Connect with us

Economy

Major engagement initiative to be launched in first three months of new #Commission 

SHARE:

Published

on

We use your sign-up to provide content in ways you've consented to and to improve our understanding of you. You can unsubscribe at any time.

Ursula von der Leyen addressed the European Parliament, July 2019

The European Commission intends to launch an EU-wide campaign of engagement with citizens to present its political priorities in its ‘first hundred days’ of office, writes Catherine Feore 

In a draft document outlining the European Commission’s priorities, the next Commission will agree on what they describe as a ‘joint narrative’ at their first college seminar, which will be presented through what they describe as "multilevel cycle of consultations" on the ground.

The draft document discloses that this will be backed-up with a large scale "back to school" operation, to be carried out in co-operation with national regional authorities, to be accompanied by a major communication effort including: TED-style talks; a new podcast series with journalists from across the EU;  and, ‘all’ commissioners participating in citizen’s dialogues. While some of the current commissioners did participate in similar discussions with the public, others were less than enthusiastic.

Advertisement

The new approach seems to look to French President Emmanuel Macron's Grand Débat launched in January 2019, in response to the 'Gilets Jaunes' and a general sentiment that the government was not listening. Macron's engagement lasted two months and involved town hall meetings, an online consultation and a "book of grievances" in which citizens could let the state know what policies were making day-to-day life difficult.

The idea is that this period of extensive consultation will feed into the policy areas and the actual legislative proposals that emerge in the months or years after the first hundred days. The Commission’s document is careful to clarify that they are in no way usurping the role of the European Parliament and want to take a “complementary” and “nourishing” approach.  

Like the initiative on the Future of Europe, where each head of government addressed the European Parliament, the Commission is eager to involve the member states. One of the lessons from Brexit is that allowing ministers and heads of government from the EU-27 to constantly criticize and blame Europe or Brussels for every problem, not only undermines the EU as a whole, but makes it more difficult for each state to combat domestic anti-EU voices.  

Advertisement

European Central Bank (ECB)

ECB's Lagarde keeps door open to higher inflation

Published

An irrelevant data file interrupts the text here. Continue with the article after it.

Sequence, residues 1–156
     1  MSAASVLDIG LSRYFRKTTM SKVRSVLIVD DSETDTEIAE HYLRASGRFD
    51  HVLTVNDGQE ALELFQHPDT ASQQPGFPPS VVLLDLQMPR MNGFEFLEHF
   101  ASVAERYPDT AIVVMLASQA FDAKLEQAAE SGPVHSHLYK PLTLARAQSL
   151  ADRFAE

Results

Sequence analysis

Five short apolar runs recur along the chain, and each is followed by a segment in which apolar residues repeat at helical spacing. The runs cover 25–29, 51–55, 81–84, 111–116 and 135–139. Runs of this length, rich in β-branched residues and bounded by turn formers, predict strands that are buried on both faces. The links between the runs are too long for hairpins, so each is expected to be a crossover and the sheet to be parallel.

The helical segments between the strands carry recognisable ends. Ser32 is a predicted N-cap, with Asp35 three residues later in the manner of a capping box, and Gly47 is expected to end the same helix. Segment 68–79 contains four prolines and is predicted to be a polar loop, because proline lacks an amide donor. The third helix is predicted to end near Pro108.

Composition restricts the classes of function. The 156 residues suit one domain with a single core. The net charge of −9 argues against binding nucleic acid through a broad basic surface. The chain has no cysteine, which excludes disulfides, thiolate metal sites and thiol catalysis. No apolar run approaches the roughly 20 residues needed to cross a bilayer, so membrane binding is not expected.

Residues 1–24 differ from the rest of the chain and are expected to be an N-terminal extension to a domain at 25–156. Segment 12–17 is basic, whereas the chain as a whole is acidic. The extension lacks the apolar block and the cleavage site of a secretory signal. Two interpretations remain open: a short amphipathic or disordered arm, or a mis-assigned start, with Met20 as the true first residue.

on

By

Inflation in the eurozone could exceed the European Central Bank's already raised projections but there are few signs of this already happening, ECB President Christine Lagarde (pictured) said on Monday (27 September), writes Balazs Koranyi, Reuters.

"While inflation could prove weaker than foreseen if economic activity were to be affected by a renewed tightening of restrictions, there are some factors that could lead to stronger price pressures than are currently expected," she told lawmakers at the European Parliament.

"But we are seeing limited signs of this risk so far, which means that our baseline scenario continues to foresee inflation remaining below our target over the medium term," she added.

Advertisement

Continue Reading

Agriculture

Agriculture: Launch of an annual EU organic day

Published

on

On 24 September the European Parliament, the Council and the Commission celebrated the launch of an annual ‘EU organic day'. The three institutions signed a joint declaration establishing from now on each 23 September as EU organic day. This follows up on the Action Plan for the development of organic production, adopted by the Commission on 25 March 2021, which announced the creation of such a day to raise awareness of organic production.

At the signing and launch ceremony, Agriculture Commissioner Janusz Wojciechowski said: “Today we celebrate organic production, a sustainable type of agriculture where food production is done in harmony with nature, biodiversity and animal welfare. 23 September is also autumnal equinox, when day and night are equally long, a symbol of balance between agriculture and environment that ideally suits organic production. I am glad that together with the European Parliament, the Council, and key actors of this sector we get to launch this annual EU organic day, a great opportunity to raise awareness of organic production and promote the key role it plays in the transition to sustainable food systems.”